Several hundred party activists gave Gov. Tim Pawlenty a standing ovation when he stepped to the podium. Even though he isn't running for a third term, Pawlenty told the audience that 2010 will be a good year for Republicans. And those thinking about succeeding Pawlenty were busy working the crowd.
Some of the candidates used the meeting to tell delegates that they're officially in the race. Former House Speaker Steve Sviggum said he's running. He said he's reminding delegates that the race for governor is critical, since Democrats control the House and Senate by wide margins.
"It's imperative," said Sviggum. "It's absolutely necessary that the governorship stay in Republican, conservative hands, so that there will be some balance in the best interests of the state."
Sviggum said he would likely step down as Commissioner of the Minnesota Department of Labor and Industry as the campaign gets more serious.
He wasn't the only one working delegates in the hallway. House Minority Leader Marty Seifert was surrounded by a crew of supporters in "Vote Marty Seifert" t-shirts handing out buttons. He's been contacting activists since Gov. Pawlenty said he wouldn't run for reelection. Seifert said he's telling activists that House Republicans stopped Democrats from overriding Pawlenty's veto during a tough legislative session. He also said he's a proven fundraiser as minority leader.
"When they're looking for all of the things about message and messenger and ability to raise money and the ability to get staff put together, they're looking for the whole package, not just part of it," said Seifert.
State Rep. Paul Kohls, R-Victoria, said he's also officially running. His campaign literature told activists that he's already started putting a campaign infrastructure in place. Kohls said he intends to take a leave of absence from his private sector job at Allianz Life Insurance to campaign.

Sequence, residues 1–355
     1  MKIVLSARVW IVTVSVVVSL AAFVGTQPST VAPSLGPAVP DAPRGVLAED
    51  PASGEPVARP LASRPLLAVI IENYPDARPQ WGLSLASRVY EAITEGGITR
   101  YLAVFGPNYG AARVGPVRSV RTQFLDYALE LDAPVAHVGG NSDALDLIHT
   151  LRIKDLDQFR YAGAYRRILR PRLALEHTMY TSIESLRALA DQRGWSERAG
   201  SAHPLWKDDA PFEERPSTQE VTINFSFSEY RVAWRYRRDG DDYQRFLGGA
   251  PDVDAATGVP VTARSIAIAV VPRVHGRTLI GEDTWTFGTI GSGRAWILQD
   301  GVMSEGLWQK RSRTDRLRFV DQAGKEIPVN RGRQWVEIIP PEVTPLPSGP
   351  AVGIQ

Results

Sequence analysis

“It's absolutely necessary that the governorship stay in Republican, conservative hands, so that there will be some balance...”Steve Sviggum
"To run for governor in a state the size of Minnesota with a population like we have is absolutely a full time job," said Kohls. "And I don't know any other way to do this other than all in."
Former State Auditor Pat Anderson also said she's probably going to run. Anderson said she's been telling delegates that she's the only candidate in the race who's won a statewide election.
"All the other ones are state legislators. They're former legislators or current legislators," Anderson said. "I'm the only candidate that's had executive experience in office."
Former state Rep. Bill Haas, R-Champlin, who officially announced his campaign this week, actively courted delegates. And several other state lawmakers said they're weighing their options. Supporters of state Sen. David Hann, R-Eden Prairie, handed out literature urging delegates to persuade him to run. Hann said he hasn't made a decision yet. Neither has state Representative Laura Brod, R-New Prague.
"You can leap in or you can do it right," said Brod. "And for me, I want to understand where Minnesotans are at and I want to communicate a message that works."
Brod, like most of the other potential or declared candidates, said the economy and job creation are the top issues facing the state. Republicans say lower taxes and spending cuts will help bolster the economy.
Businessman Brian Sullivan announced a few days ago that he won't run. But the big question is whether any other well known Republicans will get into the race. U.S. Rep. Michele Bachmann, R-Minn., said she's happy with her job in Washington, but she didn't rule out a run for governor.
"It would have to be if I felt like I was supposed to do it and right now I feel like I'm where I'm supposed to be. If my heart moved in the other direction and I had the tug, I'd do it," Bachmann said. "I wouldn't be afraid to run for office. I just don't feel like the tug."
Several Republican activists and consultants say they think Bachmann would be the odds-on favorite if she entered the race.
And former U.S. Sen. Norm Coleman, who is still fighting in the courts to win the 2008 U.S. Senate race, also wouldn't take a potential run off the table. But he said his primary focus is the U.S. Senate race.
On the DFL side, as many as ten Democrats have said they're running, or are interested in running for governor in 2010.